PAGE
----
In a previous article, The power of mindful eating, I explained what Mindful Eating is and why it’s really rather good, but the question I get asked is how to eat mindfully – what does Mindful Eating actually look like in practice?
There are four key steps to Mindful Eating and when applied to food, they teach us how to be present while we eat. It sounds so simple, yet it seems we have forgotten how to do it, and I believe this lack of awareness is at the root of our increasingly unbalanced relationship with food and eating.
Practice the four steps below and a world of discovery, joy and satisfaction with food, eating and drinking unfolds before us – a world that has quite literally been hidden beneath our noses!
ONE : Slow down
We all lead busy lives, there’s no doubt about it. With so much to do every day, the time we have available to eat is compromised and we end up eating on-the-go, unable to give food and eating the attention it deserves. I see this often with my clients who either skip meals because they are “too busy to eat” or grab something quick to quiet their hunger pangs before rushing onto the next activity. There are many disadvantages to eating at speed: we barely taste the food and register only a vague experience of eating. And without satisfaction from the tastes, textures and sensations of food and eating, we’re likely to want more. Make time for your meals, eat the food slowly and your body will thank you for it.
TWO : Drop the distractions
Another side-effect to the busyness of our lives is eating with distractions. It seems we don’t have time to ‘simply eat’, so we make the most of mealtimes by combining eating with another activity. We eat and read, eat and watch TV, eat and check our phone, eat and send messages or emails, eat and drive – the distractions are endless – and it is the ultimate in mindless eating. On the plus side, the distractions are likely to slow down the eating experience but with the mind focused elsewhere, we may finish our meal dissatisfied and search for something more to nourish us.
THREE : Engage the senses
Mindful Eating involves all the senses: the feel of the ingredients as we prepare the food, the colours and shapes on the plate, the aromas, and the tastes and textures in the mouth. How often do you really look at your food before you eat it, or smell the different ingredients in your meal? We may be aware of the taste of what we eat, but how often do we notice the texture of food and relish in crunchy nuts, silky ice cream and chewy bread? Engaging all our senses as we eat and drink – including the thinking mind and the feeling heart – is to rediscover the source of delight in food and eating.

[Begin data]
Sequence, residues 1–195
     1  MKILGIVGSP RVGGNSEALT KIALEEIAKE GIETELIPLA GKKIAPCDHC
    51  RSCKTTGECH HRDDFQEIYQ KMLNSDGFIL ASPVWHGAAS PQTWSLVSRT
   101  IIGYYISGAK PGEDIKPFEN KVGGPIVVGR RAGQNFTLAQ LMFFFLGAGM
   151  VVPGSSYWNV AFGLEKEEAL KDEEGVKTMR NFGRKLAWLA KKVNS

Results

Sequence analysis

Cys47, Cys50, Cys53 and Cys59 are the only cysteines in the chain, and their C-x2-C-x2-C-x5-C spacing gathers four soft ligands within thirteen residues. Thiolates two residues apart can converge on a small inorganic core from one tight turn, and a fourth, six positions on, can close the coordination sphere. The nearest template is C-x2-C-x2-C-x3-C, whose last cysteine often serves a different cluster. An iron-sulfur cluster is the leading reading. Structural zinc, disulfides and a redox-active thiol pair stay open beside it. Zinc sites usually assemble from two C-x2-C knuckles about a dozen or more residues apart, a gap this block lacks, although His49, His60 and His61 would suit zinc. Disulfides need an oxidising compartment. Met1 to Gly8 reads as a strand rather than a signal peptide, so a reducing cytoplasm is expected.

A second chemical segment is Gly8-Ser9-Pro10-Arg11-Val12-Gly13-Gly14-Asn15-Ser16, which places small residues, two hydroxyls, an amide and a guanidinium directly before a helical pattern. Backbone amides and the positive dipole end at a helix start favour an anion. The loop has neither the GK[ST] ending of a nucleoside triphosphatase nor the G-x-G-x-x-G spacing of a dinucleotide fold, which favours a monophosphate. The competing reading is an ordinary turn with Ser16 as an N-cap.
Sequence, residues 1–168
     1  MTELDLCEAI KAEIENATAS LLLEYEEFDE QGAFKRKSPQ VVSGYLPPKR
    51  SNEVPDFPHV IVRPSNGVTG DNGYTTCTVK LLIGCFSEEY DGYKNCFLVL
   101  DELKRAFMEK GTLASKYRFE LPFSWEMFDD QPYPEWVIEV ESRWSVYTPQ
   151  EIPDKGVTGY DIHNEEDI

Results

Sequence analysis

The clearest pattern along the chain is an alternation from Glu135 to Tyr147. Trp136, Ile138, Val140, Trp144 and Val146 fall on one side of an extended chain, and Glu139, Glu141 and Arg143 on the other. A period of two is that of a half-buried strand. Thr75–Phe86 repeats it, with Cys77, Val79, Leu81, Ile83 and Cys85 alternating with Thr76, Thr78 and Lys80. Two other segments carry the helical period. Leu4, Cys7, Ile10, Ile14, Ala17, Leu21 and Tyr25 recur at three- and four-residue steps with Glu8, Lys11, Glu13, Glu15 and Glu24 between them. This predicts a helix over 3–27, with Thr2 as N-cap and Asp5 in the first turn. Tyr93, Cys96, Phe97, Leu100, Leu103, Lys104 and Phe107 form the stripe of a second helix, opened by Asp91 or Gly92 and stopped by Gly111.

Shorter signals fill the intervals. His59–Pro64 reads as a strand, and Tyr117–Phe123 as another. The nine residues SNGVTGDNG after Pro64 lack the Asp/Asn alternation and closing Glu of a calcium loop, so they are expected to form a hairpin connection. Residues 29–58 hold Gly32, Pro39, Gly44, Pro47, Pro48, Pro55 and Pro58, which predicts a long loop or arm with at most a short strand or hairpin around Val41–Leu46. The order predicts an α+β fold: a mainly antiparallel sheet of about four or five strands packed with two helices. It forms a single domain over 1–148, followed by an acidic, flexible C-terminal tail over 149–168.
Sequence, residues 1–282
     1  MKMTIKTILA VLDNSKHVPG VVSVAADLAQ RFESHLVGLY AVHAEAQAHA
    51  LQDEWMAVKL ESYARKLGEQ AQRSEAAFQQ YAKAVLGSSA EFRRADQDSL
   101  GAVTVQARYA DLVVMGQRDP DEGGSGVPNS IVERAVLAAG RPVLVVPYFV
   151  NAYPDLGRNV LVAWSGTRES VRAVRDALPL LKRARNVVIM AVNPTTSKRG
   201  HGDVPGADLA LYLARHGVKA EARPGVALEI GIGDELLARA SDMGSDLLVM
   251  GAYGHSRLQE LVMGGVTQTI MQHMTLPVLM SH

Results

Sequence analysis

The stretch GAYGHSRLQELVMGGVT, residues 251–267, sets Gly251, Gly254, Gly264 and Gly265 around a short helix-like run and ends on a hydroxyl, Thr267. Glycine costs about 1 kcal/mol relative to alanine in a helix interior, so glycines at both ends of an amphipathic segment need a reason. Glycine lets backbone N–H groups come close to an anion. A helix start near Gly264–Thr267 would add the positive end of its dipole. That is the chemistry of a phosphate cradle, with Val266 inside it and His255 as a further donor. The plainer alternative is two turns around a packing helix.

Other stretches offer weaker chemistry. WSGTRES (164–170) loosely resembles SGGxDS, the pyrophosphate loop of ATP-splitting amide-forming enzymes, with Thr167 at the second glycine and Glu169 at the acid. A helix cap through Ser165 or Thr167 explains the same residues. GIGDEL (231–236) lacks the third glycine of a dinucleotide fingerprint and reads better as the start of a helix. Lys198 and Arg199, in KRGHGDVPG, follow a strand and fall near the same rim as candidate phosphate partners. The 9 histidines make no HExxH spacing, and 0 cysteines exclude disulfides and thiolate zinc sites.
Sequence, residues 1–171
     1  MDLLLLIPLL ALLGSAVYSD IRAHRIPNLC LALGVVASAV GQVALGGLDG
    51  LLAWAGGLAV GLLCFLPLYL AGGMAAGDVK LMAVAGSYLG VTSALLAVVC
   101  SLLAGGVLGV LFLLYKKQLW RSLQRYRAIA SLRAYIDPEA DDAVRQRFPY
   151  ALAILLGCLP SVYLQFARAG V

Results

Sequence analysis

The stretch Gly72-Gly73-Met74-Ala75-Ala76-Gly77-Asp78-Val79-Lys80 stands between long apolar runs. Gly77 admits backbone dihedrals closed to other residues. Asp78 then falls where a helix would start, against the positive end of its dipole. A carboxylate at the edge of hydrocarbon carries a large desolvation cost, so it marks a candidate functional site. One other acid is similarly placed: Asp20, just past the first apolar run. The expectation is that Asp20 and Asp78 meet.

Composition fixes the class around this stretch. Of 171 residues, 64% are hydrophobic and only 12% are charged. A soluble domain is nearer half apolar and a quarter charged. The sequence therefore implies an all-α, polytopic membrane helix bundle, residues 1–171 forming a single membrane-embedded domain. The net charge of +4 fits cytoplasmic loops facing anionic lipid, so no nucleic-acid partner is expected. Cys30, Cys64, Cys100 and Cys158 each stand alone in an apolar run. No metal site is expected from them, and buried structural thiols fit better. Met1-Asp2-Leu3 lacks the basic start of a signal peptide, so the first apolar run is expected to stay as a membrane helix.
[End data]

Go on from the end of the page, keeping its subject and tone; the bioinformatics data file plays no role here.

FOUR : Mind in the mouth
Here’s the thing with Mindful Eating: we may eat slowly and close the book/phone/laptop but if the mind is thinking about everything but the food on our plate or in our mouth, we are still not eating mindfully. To be mindful means to have the mind completely full of what is happening in the present moment, so when we eat and drink we need to ask ourselves: is the mind in the mouth or somewhere else? This is the most important aspect of Mindful Eating because the mind has two distinct functions – thinking and awareness. When the mind is thinking (or focused on distractions) it is no longer aware of the eating experience. Put your mind in your mouth to taste, to enjoy and to be satisfied – Mindful Eating really is the very best flavouring!
Mindful Eating Practice
Slow down – Try putting your cutlery or sandwich down in between bites and chew your food thoroughly.
Drop the distractions – Yes, you guessed it! Put the book down, put your phone away, switch off the TV and step away from your computer. Focus on the food in front of you.
Engage the senses – When you sit down to eat, take a moment to really look at the food and smell the aromas. As you eat, notice the tastes and textures. Ask yourself how the food makes you feel.
Mind in the mouth – If you slow down and drop the distractions, it will be much easier to put your mind in your mouth. If the mind wanders, (as it surely will) gently bring your focus back to the tastes, textures and sensations of eating and drinking. You may have to stop thinking and become aware many times as you return your mind to your mouth, but each time you do, you will be rewarded with renewed flavour and pleasure.
Please leave a comment below to let me know about your Mindful Eating experience. I’d love to hear what you learned from the practice.
Mindful Eating Coach